Amidst the swirl of human and vehicular activity in the Waynedale United Methodist Church’s parking lot on a recent chilly Monday morning, Bear the dog was remarkably calm.
The furry, white, 11-year-old golden doodle dog and his owner, Bob Martin, were preparing to embark en route to the Waynedale Memorial Day Parade in Martin’s convertible, light blue, 1965 Cadillac El Dorado.
“He loves the car,” said Martin, a retired pastor from First Ministries Church. According to Martin, this year was the most recent of parades that he, his dog, and his vintage car have appeared in. “It’s fun and it supports the community,” he noted with a smile.
The parking lot, located at 2501 Church Street, served as the epicenter for parade preparations, as several groups and dozens of vehicles lined up for the procession. Mike Langston, Commander of AMVETS Post 33, was one of those tasked with getting the lineup together before they set off.
“It makes me nervous, and it’s kind of hectic, but I’ve had a lot of help,” Langston said. “We do this because of the fallen; for the people who sacrificed and gave it all.”
Sponsorship and planning for the event usually rotates between the AMVETS and American Legion Post 241. This year, it was AMVETS’ turn.
Numerous groups and more than 200 people took part in the holiday procession the morning of Monday, May 27, including the Wayne High School band, Wayne High School’s R.O.T.C. students, local Boy Scouts, the U.S. Navy cadets, the U.S. Air Force Cadets, AMVETS Post 33, American Legion Post 421, the Legion Riders, the AMVET Riders, the giant, black, 408 Blackjack locomotive, police cars, fire engines, and several cars from the public.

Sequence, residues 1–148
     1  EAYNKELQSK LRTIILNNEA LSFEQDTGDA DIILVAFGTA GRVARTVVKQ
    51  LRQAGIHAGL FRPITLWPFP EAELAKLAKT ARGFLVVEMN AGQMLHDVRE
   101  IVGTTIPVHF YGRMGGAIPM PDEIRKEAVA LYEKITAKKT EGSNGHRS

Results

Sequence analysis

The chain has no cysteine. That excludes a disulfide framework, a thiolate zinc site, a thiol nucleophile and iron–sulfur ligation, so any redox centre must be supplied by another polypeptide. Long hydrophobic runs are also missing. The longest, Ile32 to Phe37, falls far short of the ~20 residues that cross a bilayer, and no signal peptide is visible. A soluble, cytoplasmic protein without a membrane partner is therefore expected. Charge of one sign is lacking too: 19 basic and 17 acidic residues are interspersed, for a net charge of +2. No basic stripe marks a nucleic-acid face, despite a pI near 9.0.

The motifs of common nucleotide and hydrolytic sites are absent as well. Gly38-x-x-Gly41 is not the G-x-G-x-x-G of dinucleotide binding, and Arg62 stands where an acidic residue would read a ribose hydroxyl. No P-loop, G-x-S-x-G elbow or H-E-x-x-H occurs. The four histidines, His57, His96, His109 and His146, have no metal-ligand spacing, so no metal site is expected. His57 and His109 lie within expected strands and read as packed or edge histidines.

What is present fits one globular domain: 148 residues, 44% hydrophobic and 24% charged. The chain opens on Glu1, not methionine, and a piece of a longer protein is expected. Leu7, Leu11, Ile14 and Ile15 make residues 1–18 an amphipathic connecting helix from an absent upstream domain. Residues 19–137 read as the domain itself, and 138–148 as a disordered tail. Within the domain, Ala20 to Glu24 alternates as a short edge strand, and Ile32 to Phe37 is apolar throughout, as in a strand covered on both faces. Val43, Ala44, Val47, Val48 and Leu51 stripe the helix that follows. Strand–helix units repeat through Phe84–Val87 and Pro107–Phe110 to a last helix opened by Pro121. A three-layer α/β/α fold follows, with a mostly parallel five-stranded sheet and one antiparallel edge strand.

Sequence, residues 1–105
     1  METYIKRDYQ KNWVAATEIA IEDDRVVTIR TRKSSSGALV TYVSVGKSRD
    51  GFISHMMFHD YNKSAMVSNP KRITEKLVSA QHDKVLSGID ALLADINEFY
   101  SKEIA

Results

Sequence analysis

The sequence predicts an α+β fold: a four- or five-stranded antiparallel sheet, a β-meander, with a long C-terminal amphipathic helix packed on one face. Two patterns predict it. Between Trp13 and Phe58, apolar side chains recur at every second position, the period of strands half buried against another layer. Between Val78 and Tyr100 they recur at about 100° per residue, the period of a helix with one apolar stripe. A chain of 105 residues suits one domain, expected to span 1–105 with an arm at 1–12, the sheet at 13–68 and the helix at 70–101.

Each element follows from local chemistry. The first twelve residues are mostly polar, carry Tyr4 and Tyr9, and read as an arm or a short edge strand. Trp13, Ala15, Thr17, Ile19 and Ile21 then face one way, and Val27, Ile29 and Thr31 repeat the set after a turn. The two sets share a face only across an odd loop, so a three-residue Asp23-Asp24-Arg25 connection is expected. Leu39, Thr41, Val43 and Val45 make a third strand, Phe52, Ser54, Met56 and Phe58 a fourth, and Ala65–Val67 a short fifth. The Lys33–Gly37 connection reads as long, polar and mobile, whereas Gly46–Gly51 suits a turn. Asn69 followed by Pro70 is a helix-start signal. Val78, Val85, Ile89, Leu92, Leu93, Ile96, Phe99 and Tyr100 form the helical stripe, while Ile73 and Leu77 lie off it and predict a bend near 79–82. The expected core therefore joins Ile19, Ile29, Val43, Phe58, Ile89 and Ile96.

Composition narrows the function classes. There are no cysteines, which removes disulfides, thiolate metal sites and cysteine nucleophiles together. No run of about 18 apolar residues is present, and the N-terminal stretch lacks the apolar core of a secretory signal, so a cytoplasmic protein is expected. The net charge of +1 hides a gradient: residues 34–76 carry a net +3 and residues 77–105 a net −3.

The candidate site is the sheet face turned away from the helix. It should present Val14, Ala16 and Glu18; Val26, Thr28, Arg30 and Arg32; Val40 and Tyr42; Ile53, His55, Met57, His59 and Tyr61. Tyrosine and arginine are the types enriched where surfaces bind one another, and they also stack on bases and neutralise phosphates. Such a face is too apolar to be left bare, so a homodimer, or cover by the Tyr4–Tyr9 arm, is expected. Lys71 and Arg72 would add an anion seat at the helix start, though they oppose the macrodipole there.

Boy Scout Troop 33 was there in full force, with 10 adults and more than 30 boys – from ages 11 to 18 years old, and all scout levels — marching in the event, as well as the Troop’s Scoutmaster, Ken Wells.
“We are big supporters of the troops and the military,” said Paul James, Outdoor Chairman of Troop 33. “And the boys always enjoy it.”
Hundreds of folks lined Old Trail Road to watch, most ensconced in lawn chairs they’d brought from home, waving small American flags that were passed out to the crowd, smiling and waving as folks and vehicles crept slowly past.
Many cars and floats tossed candy to children watching the event, and youngsters – and adults – scrambled for the goodies.
Roberta Hackett and Janet Bir were two spectators who had camped out on the Waynedale thoroughfare since before the parade started at 9 a.m.
Bir said the celebration was particularly meaningful to her family, who lost an uncle during the Korean conflict, and whose body was never returned home. “We’re really here to honor those that we’ve lost,” Bir said. “And to support Waynedale.”
Hackett agreed. “It’s nice to see a parade for families,” she said. “It’s just a nice, safe environment, and it’s a very friendly group of people.
“And we got some candy, too,” she noted with a sly wink.
After leaving the church parking lot at about 9 a.m., the parade continued down Church Street, then north on Old Trail Road, and finally motoring about 2 miles to Prairie Grove Cemetery.
Once there, the parade group took part in a ceremony honoring veterans, and placing small American flags on the graves of veterans.
The Waynedale event actually happened a couple hours earlier than the official Fort Wayne Memorial Day celebration. That parade began at about 11 a.m. at North Side Park, and then moved down Parnell Avenue before ending at the Allen County War Memorial Coliseum.
Langston, a U.S. Army veteran who served four years, noted that while Memorial Day celebrations like the Waynedale parade were needed and appreciated, people really should make it a year-round remembrance.
“We should take the time out every day of the year to remember, to say a prayer for these people and celebrate.”